12.23.2006

HH Com 364

SUNSHINE KIDS MAKE MONEY

The nameless twenty-something narrator doesn’t really like people. He doesn’t like cars, either. He hates fish and likes to smell everything. He has a subscription to EQUESTRIAN DREAMS, but doesn’t own a horse. He hates Tuesdays and loves Wednesdays. His grandpa left him a house when he was killed by a lawnmower. He has no idea what alcohol is and he hates small talk. Coca cola commercials frighten him, and he talks to his toaster.

No one knows what’s wrong with him, because he’s never been to the doctor.

It could be the result of being raised by his insane, senile grandfather.

Maybe he’s just nuts.

Maybe not.

See the world through his eyes as he becomes obsessed with an immoral door-to-door sales program called The Sunshine Kids. During his quest to become a top sales person and win a mountain bike, he discovers a dead body in an alley near his house. He shifts his focus and becomes determined to discover the killer and solve the mystery. (Didn’t I mention that he loves mysteries?)

The world he occupies is offensive, sick, dark, complex and maybe a little crazy. Okay, maybe it’s very crazy. (stop here) But you may just find yourself laughing as the narrator awkwardly squirms his way through a populace he loathes to solve a mystery he’s obsessed with, all while trying to sell enough baked goods and trinkets to become a Sunshine Kids All-Star.


Now THIS is a character Miss Snark identifies with. I wonder if he'd consider an apprenticeship at a literary agency??

Why this works: it's vivid, it's energetic, it's not the usual fluffy kid saving the world. I'll overlook the lack of "why this matters" cause I like the writing a lot.

14 comments:

Bonnie Shimko said...

This has just the teensiest feel of the Mark Haddon book, The Curious Incident... I loved that book so much. It's brilliant. If I were in middle school, instead of old enough to be dead of natural causes, I'd marry it. When I stopped crying after I finished it, I started reading it again and laughed and cried some more. Your story has that offbeat, nutsy flavor I can't resist. Keep working on it till it's perfect. Nice going!

I Said said...

Neat writing means it's likely a neat novel, especially with this character.

Just one of those times the writing and the idea overcome the usual necessary elements of a hook.

Crystal Charee said...

And the fact that he's completely insane covers why he doesn't just call the police and instead wants to solve the mystery himself. Well done.

Anyway, interesting. I like it.

Zappadong said...

Freaky. Yes, I'd read that one. Definitely.

Angus Weeks said...

Personally, I'd leave out

"Maybe he's nuts.

"Maybe not."

You don't need to overemphasise something the reader is probably already thinking. (Actually, I'd leave out the entire last paragraph, too, but since Miss Snark didn't say so, I'd listen to her over me).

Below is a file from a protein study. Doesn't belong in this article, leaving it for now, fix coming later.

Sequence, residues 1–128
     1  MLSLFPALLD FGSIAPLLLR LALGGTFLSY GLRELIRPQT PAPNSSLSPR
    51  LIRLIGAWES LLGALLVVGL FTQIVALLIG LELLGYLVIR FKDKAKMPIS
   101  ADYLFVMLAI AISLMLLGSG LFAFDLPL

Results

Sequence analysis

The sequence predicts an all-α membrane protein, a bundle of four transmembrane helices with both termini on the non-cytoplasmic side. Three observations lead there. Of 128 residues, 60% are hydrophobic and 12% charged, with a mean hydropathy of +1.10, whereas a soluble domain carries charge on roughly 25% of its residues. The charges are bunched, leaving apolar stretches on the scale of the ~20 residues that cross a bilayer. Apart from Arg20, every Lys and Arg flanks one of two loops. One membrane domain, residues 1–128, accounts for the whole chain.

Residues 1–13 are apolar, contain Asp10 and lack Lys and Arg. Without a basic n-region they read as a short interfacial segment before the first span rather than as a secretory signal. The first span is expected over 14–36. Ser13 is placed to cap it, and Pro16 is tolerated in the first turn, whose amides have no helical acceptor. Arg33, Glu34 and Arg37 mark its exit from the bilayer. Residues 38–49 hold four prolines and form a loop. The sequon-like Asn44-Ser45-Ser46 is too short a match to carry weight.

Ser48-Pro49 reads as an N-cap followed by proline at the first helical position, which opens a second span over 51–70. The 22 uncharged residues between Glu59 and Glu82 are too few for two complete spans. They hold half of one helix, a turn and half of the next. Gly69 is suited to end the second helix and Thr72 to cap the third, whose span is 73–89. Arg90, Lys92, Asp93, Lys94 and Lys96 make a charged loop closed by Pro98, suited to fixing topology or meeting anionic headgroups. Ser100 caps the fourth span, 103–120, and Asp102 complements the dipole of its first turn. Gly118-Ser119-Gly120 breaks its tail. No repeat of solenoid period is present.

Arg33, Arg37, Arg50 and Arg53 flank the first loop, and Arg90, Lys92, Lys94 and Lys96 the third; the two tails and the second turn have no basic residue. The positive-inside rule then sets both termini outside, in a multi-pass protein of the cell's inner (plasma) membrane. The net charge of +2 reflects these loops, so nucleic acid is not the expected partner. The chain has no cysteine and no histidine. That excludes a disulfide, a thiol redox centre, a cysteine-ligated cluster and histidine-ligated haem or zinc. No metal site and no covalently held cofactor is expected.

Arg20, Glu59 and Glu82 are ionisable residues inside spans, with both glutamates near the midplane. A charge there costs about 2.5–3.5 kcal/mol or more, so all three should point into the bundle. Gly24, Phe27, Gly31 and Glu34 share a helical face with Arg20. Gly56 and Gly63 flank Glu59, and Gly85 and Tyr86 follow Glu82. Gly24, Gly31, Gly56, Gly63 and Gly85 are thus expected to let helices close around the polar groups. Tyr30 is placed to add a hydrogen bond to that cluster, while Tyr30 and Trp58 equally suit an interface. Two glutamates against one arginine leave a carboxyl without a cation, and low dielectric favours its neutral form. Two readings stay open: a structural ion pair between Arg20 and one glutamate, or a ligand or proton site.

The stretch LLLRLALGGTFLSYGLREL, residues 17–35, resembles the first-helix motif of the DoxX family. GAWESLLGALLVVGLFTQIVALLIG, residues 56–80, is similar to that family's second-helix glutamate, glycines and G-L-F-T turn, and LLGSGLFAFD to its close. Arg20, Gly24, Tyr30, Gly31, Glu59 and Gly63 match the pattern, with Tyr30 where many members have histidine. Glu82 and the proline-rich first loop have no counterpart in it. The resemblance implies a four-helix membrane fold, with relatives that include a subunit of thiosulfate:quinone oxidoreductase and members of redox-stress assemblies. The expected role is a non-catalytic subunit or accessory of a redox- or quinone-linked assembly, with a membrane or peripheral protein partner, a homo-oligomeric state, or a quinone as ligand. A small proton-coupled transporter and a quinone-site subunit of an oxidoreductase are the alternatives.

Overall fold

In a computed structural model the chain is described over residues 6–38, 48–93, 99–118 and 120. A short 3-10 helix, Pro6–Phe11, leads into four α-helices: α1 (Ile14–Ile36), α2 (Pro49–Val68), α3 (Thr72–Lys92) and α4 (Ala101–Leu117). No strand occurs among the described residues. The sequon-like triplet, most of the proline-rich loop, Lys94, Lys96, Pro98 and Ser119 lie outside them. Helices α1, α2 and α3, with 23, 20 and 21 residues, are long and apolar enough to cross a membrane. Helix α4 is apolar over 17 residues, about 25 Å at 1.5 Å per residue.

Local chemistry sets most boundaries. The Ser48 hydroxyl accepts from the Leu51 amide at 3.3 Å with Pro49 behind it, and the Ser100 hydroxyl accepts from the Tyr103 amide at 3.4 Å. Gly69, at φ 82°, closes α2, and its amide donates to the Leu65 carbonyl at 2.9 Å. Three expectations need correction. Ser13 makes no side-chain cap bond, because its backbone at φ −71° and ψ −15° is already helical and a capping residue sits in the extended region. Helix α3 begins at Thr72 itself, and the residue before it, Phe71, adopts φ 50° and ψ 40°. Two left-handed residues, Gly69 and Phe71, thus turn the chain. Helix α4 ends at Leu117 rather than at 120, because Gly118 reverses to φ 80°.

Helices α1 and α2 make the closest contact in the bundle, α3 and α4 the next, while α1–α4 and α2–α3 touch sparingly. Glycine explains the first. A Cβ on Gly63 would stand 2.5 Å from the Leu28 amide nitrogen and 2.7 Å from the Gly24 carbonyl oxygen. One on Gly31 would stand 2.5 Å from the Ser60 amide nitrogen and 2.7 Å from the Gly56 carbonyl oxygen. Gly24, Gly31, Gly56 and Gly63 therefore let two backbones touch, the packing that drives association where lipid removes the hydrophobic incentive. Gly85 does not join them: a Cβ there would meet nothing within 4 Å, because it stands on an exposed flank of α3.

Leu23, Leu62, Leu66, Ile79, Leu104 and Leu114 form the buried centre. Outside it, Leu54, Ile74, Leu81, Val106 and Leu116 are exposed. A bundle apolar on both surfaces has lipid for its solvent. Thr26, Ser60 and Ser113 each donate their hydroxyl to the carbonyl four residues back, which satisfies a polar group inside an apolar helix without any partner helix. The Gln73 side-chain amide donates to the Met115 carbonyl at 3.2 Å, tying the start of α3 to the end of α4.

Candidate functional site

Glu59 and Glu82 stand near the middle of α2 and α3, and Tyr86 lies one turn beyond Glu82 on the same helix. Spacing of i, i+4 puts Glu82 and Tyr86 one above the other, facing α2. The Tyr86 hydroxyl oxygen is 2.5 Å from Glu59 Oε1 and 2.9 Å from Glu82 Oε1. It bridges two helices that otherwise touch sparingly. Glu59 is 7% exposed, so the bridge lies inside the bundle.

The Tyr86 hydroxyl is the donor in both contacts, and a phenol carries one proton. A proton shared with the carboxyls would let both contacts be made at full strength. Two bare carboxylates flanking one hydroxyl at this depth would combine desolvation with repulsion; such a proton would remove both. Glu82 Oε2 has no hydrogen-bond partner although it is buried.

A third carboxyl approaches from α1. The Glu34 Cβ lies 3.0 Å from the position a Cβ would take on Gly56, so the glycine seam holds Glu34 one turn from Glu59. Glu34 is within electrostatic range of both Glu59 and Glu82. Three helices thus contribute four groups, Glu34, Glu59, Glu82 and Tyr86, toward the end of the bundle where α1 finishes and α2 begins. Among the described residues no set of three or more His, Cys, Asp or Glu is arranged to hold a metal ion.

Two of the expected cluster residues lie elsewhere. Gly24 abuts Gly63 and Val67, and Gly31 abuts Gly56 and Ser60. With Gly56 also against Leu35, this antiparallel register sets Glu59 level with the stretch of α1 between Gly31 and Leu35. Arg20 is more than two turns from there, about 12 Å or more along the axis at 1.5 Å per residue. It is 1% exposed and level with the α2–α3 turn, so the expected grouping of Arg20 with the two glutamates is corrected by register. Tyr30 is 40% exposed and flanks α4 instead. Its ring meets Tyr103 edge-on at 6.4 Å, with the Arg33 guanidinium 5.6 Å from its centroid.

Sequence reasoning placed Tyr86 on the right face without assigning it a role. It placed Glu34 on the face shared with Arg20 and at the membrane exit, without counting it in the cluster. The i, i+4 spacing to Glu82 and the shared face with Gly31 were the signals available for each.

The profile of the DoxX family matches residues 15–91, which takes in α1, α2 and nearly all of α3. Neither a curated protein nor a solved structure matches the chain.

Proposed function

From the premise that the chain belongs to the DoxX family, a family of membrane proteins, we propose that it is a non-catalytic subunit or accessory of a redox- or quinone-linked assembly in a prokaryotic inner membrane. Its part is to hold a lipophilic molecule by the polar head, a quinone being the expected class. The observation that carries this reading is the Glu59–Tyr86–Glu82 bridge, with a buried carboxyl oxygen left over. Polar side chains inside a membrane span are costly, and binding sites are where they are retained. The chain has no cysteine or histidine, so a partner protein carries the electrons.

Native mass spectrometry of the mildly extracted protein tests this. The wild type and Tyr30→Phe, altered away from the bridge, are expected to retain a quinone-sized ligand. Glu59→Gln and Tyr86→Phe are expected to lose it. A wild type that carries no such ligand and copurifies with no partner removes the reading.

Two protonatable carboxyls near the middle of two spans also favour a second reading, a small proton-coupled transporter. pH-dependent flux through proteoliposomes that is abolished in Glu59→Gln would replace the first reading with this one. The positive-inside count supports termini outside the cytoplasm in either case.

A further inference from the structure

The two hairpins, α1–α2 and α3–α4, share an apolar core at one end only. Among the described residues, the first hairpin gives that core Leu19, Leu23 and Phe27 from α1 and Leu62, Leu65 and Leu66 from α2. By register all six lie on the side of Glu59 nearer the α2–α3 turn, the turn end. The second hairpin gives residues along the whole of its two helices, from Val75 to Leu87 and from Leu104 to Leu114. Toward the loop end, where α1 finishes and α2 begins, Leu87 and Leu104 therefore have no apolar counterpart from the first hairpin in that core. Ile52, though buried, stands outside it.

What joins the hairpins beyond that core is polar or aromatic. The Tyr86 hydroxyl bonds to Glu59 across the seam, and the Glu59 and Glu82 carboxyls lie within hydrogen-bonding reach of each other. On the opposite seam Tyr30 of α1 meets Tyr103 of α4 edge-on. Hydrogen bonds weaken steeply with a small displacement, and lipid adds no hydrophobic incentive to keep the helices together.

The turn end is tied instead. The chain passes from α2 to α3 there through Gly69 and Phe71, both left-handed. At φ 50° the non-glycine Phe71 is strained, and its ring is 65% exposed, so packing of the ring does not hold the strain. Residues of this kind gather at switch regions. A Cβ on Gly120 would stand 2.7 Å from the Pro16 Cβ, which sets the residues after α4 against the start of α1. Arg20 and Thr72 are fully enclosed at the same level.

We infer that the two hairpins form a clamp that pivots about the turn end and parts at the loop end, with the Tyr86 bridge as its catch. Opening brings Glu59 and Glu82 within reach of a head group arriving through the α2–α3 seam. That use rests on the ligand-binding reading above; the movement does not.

The reason for my suggestions: I like the way in the first paragraph you made the character's unconventional way of looking at the world seem straightforward. I think retaining that tone throughout the hook, as you otherwise do, makes it more compelling. Throwing all the 'crazy' accusations about is selling your own story idea short. It's stated clearly enough already in the bit about the grandfather.

Hope that helps. Bear in mind I have a disorder that makes me empathise with this character already. He sounds like if a shrink got hold of him he'd be diagnosed with Asperger's, or Schizotypal Disorder and/or Schizoid Personality Disorder. We need more stories about unconventional people who don't need shrinks. Good job.

A Paperback Writer said...

Sick. Bizarre. Twisted. I kind of like it. Nice work, author.

Brady Westwater said...

I think his secret is that he's actually a horse! My horse used to like to smell everything, wouldn't eat fish, hated small talk, didn't drink alcohol, hated cars with a passion, was afraid of commercials filled with singing children and while he didn't talk to my toaster, he once tried to eat it to get at the toast.

Anonymous said...

I'm with Bonnie on this -- reminded me of Haddon's book also, in a good way.

Anonymous said...

Hey, who's been spying on me?!

Oh, never mind -- I hate *Sundays* not Tuesdays. This must be about some other guy.

Whew.

Virginia Miss said...

This didn't do anything for me. I got bored by the overlong list of eccentricities. He "has no idea what alcohol is?"

Then he's trying to sell baked goods and trinkets to win a bike; sounds like a kid, but he's twenty-something, not twelve.

clerambault said...

I think this has way more than the "teensiest feel" of The Curious Incident of the Dog in the Night-time, a book I liked a lot, fwiw. Haddon produced a remarkably convincing voice, and I'm not persuaded this author's will be anywhere as good, still less better. But pages would be the proof.

Anonymous said...

Oh, I really like this. Out of 364 "hooks" I think I've liked 10. I was a little disappointed to see a body and the chase-the-killer game. After reading all these CoM entries, I'm wishing we'd see more creativity. I suspect every time a writer needs to plump up a plot they throw in a body.

Don't get me wrong, but isn't there anything else interesting in the world?

Ski said...

I like this and I recognize it because it's my life. I sure wish you Good Luck. I would really enjoy reading this and I don't care how goofy you make it. You have this style down pat.

Rgds.........Ski

Anonymous said...

dear anonymous,

tired of the same old find the killer plot?

I do understand completely

us too, but don't worry, we assure you that this book is FAR from the standard murder mystery.

if you ever get a chance to read it, you'll see.

sincerely,

the authors